Saturday, July 18, 2009

Do Good

We are in the middle of our series on the book, Three Simple Rules. This is, as you remember, the book written by Reuben Job based on the three simple rules of John Wesley for his early Methodist "societies", groups of Christians gathered weekly, before work, or after work, to "watch over one another in love."

Reuben Job calls these "general" rules of Wesley simple. But, they are anything but simple. They are simple in that they are forthright and doable. They are complicated in that in the push and shove of human life things get clouded by situations beyond our control.

Last week we worked with "Do no harm" the first rule. And, we talked and worked with the notion that we should do no harm to ourselves, to others, and to our community and world. Yet, even as we worked with it, you and I know that we often do harm. Sometimes we know it; sometimes we don't. Harm is done to each other, to ourselves and to our world. Ways in which we harm the environment came up in Sunday School. The call is to pay enough attention to our lives and our actions so that we do less harm. If we can't help then we try not to make it worse.

Sunday, July 19, we will work with "Do Good". As with "do no harm", this rule calls us to pay attention to what we do and to set out to do good intentionally, both personally and corporately. We send out mission teams; we teach; we tutor; we wash feet; we serve. All of this is witness to our deep faith in Jesus Christ whom we follow.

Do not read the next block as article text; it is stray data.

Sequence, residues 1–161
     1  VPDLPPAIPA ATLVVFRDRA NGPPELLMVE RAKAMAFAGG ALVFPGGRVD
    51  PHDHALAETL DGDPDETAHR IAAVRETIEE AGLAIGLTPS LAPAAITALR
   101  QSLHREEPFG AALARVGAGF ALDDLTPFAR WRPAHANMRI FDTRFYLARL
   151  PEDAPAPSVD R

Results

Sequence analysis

I'll ask tomorrow that we think of it in this way- as a call to:
1. Go into the world.
2. Obey the Spirit.
3. Open doors.
4. Do all you can.

John Wesley says: "Do all the good you can, in all the places you can, to all the people you can, as long as ever you can."

Dave Nichols

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Thanks for checking out my blog. I'm new to this, as you can probably see. But, I, like you, have convictions and ideas worth sharing. I hope this will be an opportunity to connect with others who are Christian and/or religious. I am happily United Methodist. I am committed to the basic teachings of our church, and to the compassionate outreach to the world.

I hope these pastoral ponderings will generate something in you that is hopeful.

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About Me

A graduate of Newberry College and Duke University Divinity School.  I have served as a pastor in the United Methodist Church since 1975.

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